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The Effect of Children's Time in School on Mothers' Labor Supply: Evidence from Mexico's Full-Time Schools Program

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Abstract

This paper examines the effect of the time children spend in school on female labor supply. In particular, we investigate the degree to which extending the school day by three and a half hours, in elementary schools, affects labor force participation, the number of weekly hours worked, and the monthly earnings of females with elementary-school-age children. To do so, we exploit within-individual variation in access to full-time schools and a rotating panel of households that contains individual-level data on labor outcomes and sociodemographic characteristics. Results from long-difference models show that extending the school day increases mothers' labor supply, increasing mothers' labor force participation by 5.5 percentage points and the number of weekly hours worked by 1.8.

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  • María Padilla-Romo & Francisco Cabrera-Hernández, 2018. "The Effect of Children's Time in School on Mothers' Labor Supply: Evidence from Mexico's Full-Time Schools Program," Working Papers 2018-04, University of Tennessee, Department of Economics.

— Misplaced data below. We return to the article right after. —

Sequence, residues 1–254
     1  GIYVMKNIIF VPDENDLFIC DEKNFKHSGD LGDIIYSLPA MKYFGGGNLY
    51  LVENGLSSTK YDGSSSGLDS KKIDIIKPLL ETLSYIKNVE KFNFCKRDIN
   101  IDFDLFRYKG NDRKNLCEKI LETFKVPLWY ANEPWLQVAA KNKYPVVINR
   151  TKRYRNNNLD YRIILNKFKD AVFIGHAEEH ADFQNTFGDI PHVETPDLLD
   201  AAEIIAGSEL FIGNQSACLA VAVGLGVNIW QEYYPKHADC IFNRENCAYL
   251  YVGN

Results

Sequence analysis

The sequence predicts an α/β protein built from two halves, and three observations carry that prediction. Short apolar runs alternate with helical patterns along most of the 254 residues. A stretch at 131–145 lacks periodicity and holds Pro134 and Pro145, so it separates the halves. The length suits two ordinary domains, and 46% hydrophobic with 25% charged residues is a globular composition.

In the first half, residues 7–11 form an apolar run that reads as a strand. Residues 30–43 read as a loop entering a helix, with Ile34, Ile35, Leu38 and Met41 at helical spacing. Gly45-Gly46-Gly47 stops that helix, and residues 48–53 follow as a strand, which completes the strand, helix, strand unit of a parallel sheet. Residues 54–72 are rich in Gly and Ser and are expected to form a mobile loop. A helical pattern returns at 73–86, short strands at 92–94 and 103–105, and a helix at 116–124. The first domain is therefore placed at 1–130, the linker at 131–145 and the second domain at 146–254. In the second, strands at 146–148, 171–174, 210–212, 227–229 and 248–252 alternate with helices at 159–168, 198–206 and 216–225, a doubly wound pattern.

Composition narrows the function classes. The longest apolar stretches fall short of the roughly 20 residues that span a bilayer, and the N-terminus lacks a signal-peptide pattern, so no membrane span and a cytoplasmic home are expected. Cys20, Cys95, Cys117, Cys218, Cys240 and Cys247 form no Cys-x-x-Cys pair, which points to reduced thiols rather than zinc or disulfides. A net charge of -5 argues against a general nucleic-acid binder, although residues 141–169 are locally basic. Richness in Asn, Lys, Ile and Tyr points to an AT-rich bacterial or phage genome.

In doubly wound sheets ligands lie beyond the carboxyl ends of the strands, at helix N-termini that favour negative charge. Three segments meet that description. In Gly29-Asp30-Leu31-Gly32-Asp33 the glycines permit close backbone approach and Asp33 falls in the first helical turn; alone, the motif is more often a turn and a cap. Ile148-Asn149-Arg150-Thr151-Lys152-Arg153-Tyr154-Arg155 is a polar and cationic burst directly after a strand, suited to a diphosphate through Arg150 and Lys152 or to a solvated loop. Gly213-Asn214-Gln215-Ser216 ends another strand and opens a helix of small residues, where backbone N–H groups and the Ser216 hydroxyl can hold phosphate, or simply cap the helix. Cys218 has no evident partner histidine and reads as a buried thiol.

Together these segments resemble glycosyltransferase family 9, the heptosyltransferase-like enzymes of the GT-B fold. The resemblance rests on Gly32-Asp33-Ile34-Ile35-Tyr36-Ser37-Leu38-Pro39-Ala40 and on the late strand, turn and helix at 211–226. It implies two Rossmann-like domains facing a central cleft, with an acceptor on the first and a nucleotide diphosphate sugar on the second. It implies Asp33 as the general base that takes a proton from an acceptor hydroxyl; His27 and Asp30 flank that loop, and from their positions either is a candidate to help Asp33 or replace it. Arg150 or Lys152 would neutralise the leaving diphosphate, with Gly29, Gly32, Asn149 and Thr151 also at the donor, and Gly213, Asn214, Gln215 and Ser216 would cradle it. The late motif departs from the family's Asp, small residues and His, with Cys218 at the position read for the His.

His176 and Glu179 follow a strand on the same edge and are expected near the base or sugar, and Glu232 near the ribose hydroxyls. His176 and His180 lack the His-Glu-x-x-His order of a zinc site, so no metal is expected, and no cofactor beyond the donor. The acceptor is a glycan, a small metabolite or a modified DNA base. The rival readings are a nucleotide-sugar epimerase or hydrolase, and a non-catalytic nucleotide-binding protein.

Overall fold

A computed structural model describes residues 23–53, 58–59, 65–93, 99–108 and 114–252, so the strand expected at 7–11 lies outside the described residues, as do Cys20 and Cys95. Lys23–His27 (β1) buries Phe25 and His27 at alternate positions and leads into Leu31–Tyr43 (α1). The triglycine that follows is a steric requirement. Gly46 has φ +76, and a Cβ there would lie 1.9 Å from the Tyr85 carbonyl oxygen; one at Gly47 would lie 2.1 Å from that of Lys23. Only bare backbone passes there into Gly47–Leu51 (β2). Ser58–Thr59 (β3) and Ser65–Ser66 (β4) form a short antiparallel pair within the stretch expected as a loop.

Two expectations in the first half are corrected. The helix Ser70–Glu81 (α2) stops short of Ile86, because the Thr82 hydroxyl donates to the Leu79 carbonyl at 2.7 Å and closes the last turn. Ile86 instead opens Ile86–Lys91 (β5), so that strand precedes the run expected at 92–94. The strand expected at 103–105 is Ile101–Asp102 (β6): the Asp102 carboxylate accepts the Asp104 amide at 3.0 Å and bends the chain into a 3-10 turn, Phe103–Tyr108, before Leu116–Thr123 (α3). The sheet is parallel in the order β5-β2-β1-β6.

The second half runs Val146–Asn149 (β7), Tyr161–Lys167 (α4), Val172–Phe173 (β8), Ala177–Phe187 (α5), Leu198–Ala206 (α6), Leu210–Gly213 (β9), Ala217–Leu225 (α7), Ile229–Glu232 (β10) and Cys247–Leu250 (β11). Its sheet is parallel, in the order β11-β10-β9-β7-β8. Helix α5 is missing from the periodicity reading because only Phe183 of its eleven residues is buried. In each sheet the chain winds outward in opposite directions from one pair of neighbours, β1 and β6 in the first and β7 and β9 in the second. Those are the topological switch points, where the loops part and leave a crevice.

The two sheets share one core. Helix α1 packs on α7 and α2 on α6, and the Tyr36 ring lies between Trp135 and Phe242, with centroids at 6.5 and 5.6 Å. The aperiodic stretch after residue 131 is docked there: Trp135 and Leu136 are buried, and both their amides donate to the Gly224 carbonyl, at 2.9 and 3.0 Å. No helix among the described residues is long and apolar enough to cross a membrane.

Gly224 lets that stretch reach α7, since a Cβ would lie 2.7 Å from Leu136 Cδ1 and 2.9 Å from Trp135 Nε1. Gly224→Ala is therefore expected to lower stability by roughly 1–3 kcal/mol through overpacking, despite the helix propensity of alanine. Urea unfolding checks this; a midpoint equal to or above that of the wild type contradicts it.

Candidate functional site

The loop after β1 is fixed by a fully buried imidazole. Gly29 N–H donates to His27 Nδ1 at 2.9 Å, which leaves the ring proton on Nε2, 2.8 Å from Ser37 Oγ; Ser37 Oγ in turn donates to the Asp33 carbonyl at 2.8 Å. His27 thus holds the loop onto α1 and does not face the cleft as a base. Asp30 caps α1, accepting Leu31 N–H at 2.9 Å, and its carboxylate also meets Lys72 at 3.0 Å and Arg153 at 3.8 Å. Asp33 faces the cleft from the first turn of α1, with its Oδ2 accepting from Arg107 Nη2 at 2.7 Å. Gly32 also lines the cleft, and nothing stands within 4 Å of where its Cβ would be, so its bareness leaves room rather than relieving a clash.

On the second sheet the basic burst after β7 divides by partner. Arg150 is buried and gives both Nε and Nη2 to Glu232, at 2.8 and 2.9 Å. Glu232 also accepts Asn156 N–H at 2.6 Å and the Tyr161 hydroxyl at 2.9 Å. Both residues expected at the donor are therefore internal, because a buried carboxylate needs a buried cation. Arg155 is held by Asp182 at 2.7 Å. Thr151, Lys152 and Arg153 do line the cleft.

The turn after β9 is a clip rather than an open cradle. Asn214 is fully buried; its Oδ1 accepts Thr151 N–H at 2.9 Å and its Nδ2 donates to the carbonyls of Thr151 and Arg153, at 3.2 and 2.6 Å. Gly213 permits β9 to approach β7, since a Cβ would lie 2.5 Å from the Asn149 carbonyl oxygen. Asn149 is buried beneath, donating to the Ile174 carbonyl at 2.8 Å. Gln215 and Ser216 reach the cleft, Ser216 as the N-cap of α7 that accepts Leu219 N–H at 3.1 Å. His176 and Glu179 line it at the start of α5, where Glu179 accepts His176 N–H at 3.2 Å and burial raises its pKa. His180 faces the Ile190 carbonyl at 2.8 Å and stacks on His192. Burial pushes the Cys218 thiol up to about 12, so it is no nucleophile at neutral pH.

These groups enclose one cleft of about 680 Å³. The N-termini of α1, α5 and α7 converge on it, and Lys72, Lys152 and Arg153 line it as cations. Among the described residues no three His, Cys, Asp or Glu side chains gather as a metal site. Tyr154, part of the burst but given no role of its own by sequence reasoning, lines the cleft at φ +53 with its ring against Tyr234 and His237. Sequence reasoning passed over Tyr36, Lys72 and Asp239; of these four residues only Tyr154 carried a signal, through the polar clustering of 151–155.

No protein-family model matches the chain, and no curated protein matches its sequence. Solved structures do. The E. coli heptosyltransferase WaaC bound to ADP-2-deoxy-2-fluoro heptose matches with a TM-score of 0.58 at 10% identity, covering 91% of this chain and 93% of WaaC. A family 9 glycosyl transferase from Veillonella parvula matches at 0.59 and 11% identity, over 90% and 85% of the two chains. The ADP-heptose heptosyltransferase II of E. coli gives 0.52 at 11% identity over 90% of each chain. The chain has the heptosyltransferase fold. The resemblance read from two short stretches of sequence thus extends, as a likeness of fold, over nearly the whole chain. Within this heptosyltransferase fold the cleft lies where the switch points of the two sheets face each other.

• Handle: RePEc:ten:wpaper:2018-04
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    Cited by:

    1. Nan L. Maxwell & Nathan Wozny, 2021. "Gender Gaps in Time Use and Labor Market Outcomes: What’s Norms Got to Do with it?," Journal of Labor Research, Springer, vol. 42(1), pages 56-77, March.

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    More about this item

    Keywords

    Female labor; Education; Childcare; Childrearing;
    All these keywords.

    JEL classification:

    • I25 - Health, Education, and Welfare - - Education - - - Education and Economic Development
    • J13 - Labor and Demographic Economics - - Demographic Economics - - - Fertility; Family Planning; Child Care; Children; Youth
    • J22 - Labor and Demographic Economics - - Demand and Supply of Labor - - - Time Allocation and Labor Supply

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